Thursday, December 15, 2005

Another assassination in Lebanon

Claudia Rosett (article is thru the WSJ. You've been warned) has some more brilliant reporting of yet another tragedy for the Lebanese democratic movement. Hopefully it does not become a setback.

The common goal, [Gebran Tueni] said, was to "restore democracy so we can have elections, and then we can compete with each other." On the broader front, concerning the wisdom of charting a similar course for Iraq, he had no doubts: "George Bush is doing the right job in the Middle East for us, believe me." Tueni's only reservation was his belief that Lebanon, endowed with a rich pre-Syrian legacy of democratic institutions, deserved a chance to lead the way: "We really think if the big issue is about the Middle East, about changing the world, Lebanon is the answer."

An-Nahar's new building had armed guards and bulletproof security shields and doors. But sitting in his corner office with its big picture windows, not far from the spot where Hariri was murdered, Tueni seemed both brave and terribly vulnerable. I asked him if his own life was in danger. He said he expected a wave of Syrian-backed "assassinations, booby-trapped cars," but did not think that could stop Lebanon's democratic movement. "They can kill one, two, three of us" he said, but then they are "finished."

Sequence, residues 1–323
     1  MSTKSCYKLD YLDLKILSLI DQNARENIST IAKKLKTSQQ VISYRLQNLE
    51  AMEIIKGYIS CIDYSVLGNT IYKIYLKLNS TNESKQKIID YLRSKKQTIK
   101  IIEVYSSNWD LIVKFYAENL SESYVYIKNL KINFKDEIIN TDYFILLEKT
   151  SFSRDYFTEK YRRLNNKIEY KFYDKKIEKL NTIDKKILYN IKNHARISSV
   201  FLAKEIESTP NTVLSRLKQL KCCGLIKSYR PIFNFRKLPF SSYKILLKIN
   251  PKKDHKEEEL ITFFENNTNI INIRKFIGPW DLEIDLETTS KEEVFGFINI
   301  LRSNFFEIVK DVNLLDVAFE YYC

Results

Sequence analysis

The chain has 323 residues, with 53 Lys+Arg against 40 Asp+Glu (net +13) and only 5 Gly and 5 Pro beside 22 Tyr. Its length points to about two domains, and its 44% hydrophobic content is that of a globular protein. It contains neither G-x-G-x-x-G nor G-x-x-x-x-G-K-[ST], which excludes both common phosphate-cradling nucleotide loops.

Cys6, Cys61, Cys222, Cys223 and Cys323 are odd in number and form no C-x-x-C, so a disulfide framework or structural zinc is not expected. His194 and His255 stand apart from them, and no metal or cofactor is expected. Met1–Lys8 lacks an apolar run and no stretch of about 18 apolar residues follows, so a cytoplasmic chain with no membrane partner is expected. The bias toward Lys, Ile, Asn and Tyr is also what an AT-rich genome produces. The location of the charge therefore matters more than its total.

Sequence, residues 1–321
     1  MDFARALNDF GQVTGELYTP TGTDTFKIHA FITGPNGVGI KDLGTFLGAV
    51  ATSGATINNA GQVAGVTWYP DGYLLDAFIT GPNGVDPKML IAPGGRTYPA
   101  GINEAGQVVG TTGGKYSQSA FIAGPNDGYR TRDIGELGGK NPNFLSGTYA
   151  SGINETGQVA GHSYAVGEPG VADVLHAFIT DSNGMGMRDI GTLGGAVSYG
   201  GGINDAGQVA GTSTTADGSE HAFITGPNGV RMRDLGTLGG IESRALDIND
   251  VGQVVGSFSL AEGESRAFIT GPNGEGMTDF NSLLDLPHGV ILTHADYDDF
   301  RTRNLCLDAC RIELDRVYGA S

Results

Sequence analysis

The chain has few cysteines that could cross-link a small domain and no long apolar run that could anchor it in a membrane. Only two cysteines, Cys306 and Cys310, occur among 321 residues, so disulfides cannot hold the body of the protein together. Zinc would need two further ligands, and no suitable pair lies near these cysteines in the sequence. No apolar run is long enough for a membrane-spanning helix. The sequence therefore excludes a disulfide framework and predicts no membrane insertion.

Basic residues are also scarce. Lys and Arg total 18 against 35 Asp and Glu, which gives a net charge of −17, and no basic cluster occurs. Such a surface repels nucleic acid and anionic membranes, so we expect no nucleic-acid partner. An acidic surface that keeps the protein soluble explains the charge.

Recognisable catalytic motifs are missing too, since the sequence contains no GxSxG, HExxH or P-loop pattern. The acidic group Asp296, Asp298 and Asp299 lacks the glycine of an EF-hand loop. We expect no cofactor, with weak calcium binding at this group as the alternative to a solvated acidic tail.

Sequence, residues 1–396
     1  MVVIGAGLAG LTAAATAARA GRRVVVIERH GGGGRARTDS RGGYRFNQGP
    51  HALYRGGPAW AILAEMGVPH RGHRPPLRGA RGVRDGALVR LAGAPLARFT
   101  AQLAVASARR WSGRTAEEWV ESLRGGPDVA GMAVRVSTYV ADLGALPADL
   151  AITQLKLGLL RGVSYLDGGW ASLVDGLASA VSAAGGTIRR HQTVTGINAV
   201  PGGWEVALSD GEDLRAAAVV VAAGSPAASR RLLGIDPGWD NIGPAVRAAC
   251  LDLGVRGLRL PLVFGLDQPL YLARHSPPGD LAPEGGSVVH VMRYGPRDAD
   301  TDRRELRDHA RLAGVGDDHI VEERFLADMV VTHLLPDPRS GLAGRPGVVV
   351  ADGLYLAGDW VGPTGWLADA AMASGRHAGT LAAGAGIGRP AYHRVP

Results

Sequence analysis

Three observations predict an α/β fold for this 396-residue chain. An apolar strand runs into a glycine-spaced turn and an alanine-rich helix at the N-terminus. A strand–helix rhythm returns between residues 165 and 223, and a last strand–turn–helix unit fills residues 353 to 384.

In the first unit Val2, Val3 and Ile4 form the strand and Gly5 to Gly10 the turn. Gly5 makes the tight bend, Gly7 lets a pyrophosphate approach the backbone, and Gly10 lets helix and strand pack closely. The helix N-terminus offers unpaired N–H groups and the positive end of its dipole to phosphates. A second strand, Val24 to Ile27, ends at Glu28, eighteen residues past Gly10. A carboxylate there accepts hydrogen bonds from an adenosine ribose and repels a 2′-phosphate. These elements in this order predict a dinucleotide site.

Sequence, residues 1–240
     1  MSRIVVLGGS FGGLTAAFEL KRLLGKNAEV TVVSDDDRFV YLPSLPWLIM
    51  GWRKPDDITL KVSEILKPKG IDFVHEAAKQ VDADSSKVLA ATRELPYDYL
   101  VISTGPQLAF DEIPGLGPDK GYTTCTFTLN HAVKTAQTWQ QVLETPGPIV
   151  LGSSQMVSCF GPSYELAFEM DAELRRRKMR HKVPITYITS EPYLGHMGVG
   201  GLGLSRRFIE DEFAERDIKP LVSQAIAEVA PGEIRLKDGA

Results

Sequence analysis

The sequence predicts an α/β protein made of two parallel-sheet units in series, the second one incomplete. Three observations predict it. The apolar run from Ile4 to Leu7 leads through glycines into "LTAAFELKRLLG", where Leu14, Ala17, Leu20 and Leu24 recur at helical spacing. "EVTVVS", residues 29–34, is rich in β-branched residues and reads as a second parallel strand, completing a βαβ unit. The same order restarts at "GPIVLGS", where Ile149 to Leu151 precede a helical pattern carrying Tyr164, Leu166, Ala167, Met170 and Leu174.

He paused and smiled, "Better," he said, if they stop at "one."

They didn't. Gebran Tueni has now become the latest casualty in a series of terrorist bombings that are an assault not only on Lebanese democracy, but on all those in the Middle East--or anywhere else, for that matter--who believe government should be a matter of civil compact, not of rule by blood and fear. The urgent question by now is not only who precisely gave the order or laid the bomb, but who will act to put an end to this terror, and how.

I heard Dennis reference the article earlier today, and I couldn't help but smile at Tueni's only contention with Dubya's GWOT; that Iraq was freed from tyranny before Lebanon. If you read the whole article, I think it speaks volumes not only about the good Dubya is doing via the GWOT (see happy Iraqis voting) but also to how deservedly Iran and Syria are of their spots in Dubya's current Axis of Evil.

Where will the next front in the GWOT take us?